Now we’re going to get into somatoform disorders.
This is a psychological disorder characterized primarily by physical symptoms.
And the reason why we’re making this differentiation is
this is quite common as individuals come in and saying
you know, “I have this general pain in my legs and my back,”
and the doctor might say, “Well, okay, you have this pain
and that’s what you’re describing to me. I’m going to try to treat that pain.”
So they might give you a treatment therapy that typically works for low back pain,
but it’s not resolving the situation for you.
The reason is because the main driver behind why you’re expressing
that lower back pain is not actually physical.
It’s not that you’ve pulled a muscle
or you have a certain virus that’s causing an inflammation in your back,
it’s psychologically driven.
And so a medicine is not going to treat your psychological disorders.
You need a medicine that’s specifically psychologically oriented, right?
So this is why it’s difficult for a lot of doctors trying to figure out and establish
is this truly a physical disorder or are these really physical symptoms,
or is this a psychological disorder that’s being expressed as physical symptoms.
So a broad description of somatic symptom and related disorder, could look like this.
Everyone reacts on an emotional level when they have physical symptoms.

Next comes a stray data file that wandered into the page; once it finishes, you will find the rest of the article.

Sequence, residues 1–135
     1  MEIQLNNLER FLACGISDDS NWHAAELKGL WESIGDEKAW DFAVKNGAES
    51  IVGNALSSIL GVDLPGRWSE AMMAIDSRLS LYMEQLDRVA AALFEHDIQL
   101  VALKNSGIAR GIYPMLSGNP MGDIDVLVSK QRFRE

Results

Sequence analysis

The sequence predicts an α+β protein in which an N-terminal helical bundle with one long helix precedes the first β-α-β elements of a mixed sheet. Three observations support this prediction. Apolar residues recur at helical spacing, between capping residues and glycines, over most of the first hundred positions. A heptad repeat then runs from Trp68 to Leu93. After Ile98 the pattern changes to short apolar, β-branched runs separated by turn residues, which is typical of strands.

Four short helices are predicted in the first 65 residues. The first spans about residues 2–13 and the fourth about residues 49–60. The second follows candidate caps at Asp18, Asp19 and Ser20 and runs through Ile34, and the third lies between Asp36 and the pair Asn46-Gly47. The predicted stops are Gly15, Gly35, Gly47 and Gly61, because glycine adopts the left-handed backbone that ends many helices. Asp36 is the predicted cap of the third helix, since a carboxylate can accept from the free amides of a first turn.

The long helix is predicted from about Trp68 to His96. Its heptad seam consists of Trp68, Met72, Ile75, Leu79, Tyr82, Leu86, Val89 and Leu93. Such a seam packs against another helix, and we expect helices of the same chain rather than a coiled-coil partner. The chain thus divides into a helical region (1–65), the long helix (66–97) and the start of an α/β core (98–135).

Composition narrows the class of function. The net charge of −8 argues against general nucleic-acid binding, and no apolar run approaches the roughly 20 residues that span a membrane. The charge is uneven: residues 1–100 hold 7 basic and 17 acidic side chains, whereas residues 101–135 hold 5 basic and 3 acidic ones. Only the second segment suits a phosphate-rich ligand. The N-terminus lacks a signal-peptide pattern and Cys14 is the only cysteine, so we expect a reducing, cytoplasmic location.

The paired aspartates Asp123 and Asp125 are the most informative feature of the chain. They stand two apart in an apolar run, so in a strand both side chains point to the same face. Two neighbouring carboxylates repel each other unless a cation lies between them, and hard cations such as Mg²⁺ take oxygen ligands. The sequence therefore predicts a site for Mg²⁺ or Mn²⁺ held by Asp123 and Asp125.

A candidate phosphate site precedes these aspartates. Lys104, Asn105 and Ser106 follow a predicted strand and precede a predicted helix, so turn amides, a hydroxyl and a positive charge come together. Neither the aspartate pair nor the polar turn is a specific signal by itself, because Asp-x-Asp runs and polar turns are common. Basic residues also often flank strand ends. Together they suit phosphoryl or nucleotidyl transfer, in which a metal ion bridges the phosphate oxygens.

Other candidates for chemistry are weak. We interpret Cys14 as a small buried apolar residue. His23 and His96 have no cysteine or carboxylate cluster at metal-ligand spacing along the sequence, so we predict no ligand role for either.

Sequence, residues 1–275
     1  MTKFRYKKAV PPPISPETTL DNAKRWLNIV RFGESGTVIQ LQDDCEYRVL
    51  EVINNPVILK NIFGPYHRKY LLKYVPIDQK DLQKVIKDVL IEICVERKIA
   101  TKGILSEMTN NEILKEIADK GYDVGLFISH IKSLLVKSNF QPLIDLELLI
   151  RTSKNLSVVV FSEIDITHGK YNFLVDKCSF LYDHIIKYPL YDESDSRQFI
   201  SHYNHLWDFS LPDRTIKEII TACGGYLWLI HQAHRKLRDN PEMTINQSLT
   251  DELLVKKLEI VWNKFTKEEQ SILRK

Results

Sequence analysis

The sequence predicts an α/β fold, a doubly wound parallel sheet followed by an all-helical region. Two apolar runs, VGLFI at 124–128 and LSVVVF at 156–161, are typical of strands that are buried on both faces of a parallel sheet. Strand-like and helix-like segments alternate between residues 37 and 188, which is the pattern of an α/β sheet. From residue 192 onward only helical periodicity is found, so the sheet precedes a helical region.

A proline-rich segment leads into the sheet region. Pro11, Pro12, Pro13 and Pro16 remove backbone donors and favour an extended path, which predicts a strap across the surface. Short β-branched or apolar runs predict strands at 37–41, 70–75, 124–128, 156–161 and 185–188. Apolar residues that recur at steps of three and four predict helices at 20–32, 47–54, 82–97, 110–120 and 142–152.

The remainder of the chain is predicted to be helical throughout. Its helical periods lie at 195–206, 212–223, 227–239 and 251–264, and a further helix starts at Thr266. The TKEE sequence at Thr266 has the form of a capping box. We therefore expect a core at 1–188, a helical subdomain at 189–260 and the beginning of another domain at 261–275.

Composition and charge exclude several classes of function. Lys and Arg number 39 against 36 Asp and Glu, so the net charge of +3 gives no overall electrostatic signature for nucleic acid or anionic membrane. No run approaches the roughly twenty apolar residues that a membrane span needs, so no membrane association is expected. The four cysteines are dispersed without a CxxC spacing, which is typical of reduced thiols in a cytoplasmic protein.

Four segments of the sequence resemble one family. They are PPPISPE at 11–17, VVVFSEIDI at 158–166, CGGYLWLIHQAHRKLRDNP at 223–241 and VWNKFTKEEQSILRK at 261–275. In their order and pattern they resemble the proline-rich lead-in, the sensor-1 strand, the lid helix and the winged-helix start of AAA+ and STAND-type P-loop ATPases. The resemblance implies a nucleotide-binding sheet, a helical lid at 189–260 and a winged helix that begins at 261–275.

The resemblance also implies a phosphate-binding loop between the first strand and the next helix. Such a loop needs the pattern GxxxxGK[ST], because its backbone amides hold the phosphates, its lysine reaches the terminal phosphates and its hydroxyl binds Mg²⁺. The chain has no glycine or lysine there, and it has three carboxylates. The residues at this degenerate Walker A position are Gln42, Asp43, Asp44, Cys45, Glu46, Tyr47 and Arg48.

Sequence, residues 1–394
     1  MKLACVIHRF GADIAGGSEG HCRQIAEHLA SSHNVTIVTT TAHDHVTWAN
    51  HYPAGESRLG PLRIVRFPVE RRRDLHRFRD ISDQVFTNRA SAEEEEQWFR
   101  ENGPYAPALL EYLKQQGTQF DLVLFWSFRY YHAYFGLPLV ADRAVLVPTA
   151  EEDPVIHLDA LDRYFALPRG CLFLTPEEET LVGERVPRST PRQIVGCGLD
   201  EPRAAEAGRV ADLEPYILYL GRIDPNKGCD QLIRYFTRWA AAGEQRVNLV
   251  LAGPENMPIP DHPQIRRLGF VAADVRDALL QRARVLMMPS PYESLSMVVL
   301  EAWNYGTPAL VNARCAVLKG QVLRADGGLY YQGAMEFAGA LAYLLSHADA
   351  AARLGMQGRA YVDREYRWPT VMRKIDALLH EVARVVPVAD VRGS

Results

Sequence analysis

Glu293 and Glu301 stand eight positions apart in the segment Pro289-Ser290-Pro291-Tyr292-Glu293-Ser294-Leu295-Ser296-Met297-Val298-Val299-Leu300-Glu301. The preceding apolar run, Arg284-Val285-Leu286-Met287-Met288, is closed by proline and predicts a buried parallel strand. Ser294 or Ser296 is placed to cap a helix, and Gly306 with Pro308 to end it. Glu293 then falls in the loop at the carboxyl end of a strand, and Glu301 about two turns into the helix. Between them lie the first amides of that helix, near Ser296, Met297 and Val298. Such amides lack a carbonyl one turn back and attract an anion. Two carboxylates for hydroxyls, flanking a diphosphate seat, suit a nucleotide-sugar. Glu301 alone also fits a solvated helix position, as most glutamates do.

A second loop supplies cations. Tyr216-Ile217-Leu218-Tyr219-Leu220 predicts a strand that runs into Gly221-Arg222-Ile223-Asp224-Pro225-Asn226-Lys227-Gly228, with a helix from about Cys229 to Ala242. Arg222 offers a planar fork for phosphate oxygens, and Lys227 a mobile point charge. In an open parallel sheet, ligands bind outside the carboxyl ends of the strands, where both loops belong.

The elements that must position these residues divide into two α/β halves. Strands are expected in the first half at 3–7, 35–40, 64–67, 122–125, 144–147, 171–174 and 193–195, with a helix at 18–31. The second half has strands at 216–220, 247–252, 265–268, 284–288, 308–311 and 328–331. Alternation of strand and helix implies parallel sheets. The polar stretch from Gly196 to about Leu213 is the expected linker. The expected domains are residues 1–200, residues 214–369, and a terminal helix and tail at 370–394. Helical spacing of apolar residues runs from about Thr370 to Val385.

However, people with a somatic symptom disorder have exceptionally intense thoughts, feelings, and behaviors in response to their symptoms.
To distinguish the disorder from a normal reaction to feeling ill, the responses must be intense enough to cause significant distress to the person
and sometimes to others and/or make it difficult for the person to function in daily life.
So let's delve deeper into the SSRDs, the somatic symptom disorder replaces several previously used diagnoses,
such as: somatization disorder, hypochondriasis, pain disorder, undifferentiated somatoform disorder.
All of these disorders involve somatization -- the expression of mental factors as physical and so somatic symptoms.
There are several criteria to diagnose a somatic symptom disorder.
First, one or more somatic symptoms that are distressing or in result in significant disruption of daily life.
Second, excessive thoughts, feelings, behaviors related to the somatic symptoms or associated health concerns
as manifested by at least one of the following:
Disproportionate and persistent thoughts about the seriousness of one's symptoms.
Persistently high level of anxiety about health or symptoms.
Excessive time and energy devoted to these symptoms or health concerns.
And then, as a third point, although any one somatic symptom may not be continuously present,
the state of being symptomatic is persistent (typically more than 6 months).
SSD now includes an aspect of understanding pain.
This was previously captured by pain disorder.
Now, when diagnosing SSD, you're ask to specify if there's predominant pain,
previously pain disorder, for individuals whose somatic symptoms predominantly involve pain.